It will be back to the drawing board for the Australians after this sobering series defeat and if Lehmann has to continue, he should have has his work cut out from now. There is plenty of time until the next Ashes series and the Australians will set that as a long time goal to start building a decent Test outfit all over again.
Fresh faces set to come in
As many as eight players from the current team might never play Test cricket again was Ricky Ponting's ominous prophecy. Clarke and Rogers have retired. Haddin and Watson's Test careers seem to be all but over. The only certainty in Australian cricket at the moment is that barring Smith and Warner, a completely new set of players might don the baggy green in the days to come.
The Australian Test team was an ageing side and people have been crying out to inject some young blood into the team. There is, of course, no paucity of promising young talents who could make it to the squad. Shaun Marsh is being touted by many to be the most eligible candidate to seal the opening slot vacated by Rogers' retirement. But Marsh is bound to face stiff competition from the likes of Joe Burns, Cameron Bancroft and Ed Cowan.
Though Burns batted at no. 6 in the two Test matches against India last summer, much of his success for Queensland has come while batting at the top of the order. At 22, Bancroft looks like a frightening talent being the third highest scorer in this Sheffield Shield season and having scored a magnificent century against India A recently. Big things are also expected of Travis Head, an elegant southpaw from Adelaide and the Melbourne-born Peter Handscomb who currently plays for Gloucestershire.
In the bowling department, Hazlewood and Starc are likely to retain their places while Peter Siddle should enjoy a decent run of games given the form that he is in. James Pattinson is expected to make it back to the squad and if, as expected by many, Nathan Coulter-Nile and Sean Abbot earn a maiden Test call-up, the bowling department does look more than promising to say the least.
And in Steve Smith, Australia do have the ablest possible successor of Michael Clarke. Once a maverick lower-order batsman who made it to the limited overs team mainly as a bowling all-rounder, the metamorphosis of Smith has been nothing short of extraordinary.
Smith has really grown from strength to strength and turned into one of the most reliable top order batsmen for Australia. Clarke said with an immense sense of confidence that he was leaving Australian cricket in safe hands which show the trust and confidence that Smith already enjoys among his teammates.
It's not as bad as it seems
The next generation of Australian cricketers do look promising if only on paper as of now. If all the important factors that led to the Ashes defeat are carefully taken into consideration, the future of Australian cricket looks far from ominous.
It is particularly difficult for teams when they are going through a transitional phase and one can hope that Australia will find the right combination of players to build a team now that can do well for years to come. I have tried to argue that it is deeply unfair to blame the Australian batsmen for their tentativeness and bad decision making while playing the moving ball.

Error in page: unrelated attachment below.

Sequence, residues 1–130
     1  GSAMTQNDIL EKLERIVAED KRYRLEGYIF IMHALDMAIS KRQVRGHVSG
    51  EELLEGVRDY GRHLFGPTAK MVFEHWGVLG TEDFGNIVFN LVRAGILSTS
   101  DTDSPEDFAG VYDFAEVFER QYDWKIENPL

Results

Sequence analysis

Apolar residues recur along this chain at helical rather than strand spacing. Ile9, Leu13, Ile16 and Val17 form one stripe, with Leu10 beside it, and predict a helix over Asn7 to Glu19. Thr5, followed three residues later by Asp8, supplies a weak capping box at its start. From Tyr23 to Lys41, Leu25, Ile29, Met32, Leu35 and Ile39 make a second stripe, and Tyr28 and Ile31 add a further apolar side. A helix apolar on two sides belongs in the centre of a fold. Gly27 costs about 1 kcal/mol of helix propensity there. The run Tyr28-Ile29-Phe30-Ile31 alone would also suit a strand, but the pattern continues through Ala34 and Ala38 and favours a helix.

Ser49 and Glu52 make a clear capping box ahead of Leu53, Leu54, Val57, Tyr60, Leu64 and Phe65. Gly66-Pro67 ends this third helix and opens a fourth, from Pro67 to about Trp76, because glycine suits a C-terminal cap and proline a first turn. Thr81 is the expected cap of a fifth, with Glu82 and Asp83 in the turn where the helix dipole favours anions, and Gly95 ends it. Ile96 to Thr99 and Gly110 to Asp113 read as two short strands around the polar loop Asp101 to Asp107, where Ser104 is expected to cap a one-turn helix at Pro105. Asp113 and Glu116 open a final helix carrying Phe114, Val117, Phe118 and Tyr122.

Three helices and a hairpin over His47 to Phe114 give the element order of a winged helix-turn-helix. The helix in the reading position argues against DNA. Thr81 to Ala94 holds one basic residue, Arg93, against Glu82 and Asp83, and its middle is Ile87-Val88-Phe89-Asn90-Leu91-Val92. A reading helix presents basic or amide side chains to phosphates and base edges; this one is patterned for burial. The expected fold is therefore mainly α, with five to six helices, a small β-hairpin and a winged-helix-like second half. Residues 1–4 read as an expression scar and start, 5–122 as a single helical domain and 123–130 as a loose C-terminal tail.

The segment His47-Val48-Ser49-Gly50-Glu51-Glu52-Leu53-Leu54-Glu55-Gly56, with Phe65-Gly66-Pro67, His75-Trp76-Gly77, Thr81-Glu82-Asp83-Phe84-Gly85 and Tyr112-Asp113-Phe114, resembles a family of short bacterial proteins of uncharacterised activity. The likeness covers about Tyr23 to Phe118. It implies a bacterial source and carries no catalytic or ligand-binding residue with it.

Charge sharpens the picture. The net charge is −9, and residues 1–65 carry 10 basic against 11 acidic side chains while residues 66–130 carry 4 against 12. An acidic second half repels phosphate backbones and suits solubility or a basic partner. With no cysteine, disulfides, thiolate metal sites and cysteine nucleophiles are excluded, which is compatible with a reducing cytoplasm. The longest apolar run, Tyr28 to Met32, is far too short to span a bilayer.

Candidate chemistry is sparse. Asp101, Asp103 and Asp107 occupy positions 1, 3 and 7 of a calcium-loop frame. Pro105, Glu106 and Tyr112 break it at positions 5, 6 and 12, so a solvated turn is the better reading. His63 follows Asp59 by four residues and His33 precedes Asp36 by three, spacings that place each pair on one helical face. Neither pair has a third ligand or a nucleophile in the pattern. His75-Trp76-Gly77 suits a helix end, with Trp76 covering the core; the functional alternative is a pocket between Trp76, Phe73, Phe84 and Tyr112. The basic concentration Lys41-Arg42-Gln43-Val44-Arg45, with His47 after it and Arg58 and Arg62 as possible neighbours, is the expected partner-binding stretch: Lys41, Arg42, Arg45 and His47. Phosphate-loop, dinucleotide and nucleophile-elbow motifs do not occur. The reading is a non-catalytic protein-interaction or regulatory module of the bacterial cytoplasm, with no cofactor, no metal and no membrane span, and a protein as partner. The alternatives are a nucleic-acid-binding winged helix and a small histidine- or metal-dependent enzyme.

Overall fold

The ills of trying to dominate the bowling in hostile conditions in Test matches have been felt by many teams in recent times. One must view these issues within the larger context of how Test cricket is trying to fight a losing battle against its shorter and more lucrative, glamorous counterpart.
And one can never downplay the issue of home advantage. If the Australian batsmen were continuously nicking Anderson and Broad in this Ashes series, the English batsmen, we should remember, were unconvincingly bounced out in the previous Ashes.
The most interesting fact is that all the matches in this series ended in emphatic victories and what is being conveniently forgotten is that England was thoroughly outplayed in two Tests. There were a few good moments for the Australians during the series even if they seem to be irrelevant now in the light of the larger context. In Smith's majestic flair and Nevill's penchant for guts and gumption, we might have already seen glimpses of a promising future.
For decades, the Australian quicks have steamrolled the English batsmen in one Ashes series after another. "Ashes to Ashes, dust to dust, if Thomson don't get ya, Lillee must" would sing the Australian crowd baying for blood. The hunger and derision in their cry were unmistakable. And now decades later, we have two English bowlers making the ball talk.
The swing and seam that they have managed to elicit from the red cherry is almost a new, dangerous poetry of vicious candour. If an entire cricketing fraternity has now embarked upon a mission to mock the Aussies after an Ashes defeat, it should be forgiven as a moment of pent up catharsis. There is no reason to panic contemplating a bleak future for Australian cricket. For all the criticism being directed at the Australian team now, the sense of schadenfreude should not be ignored.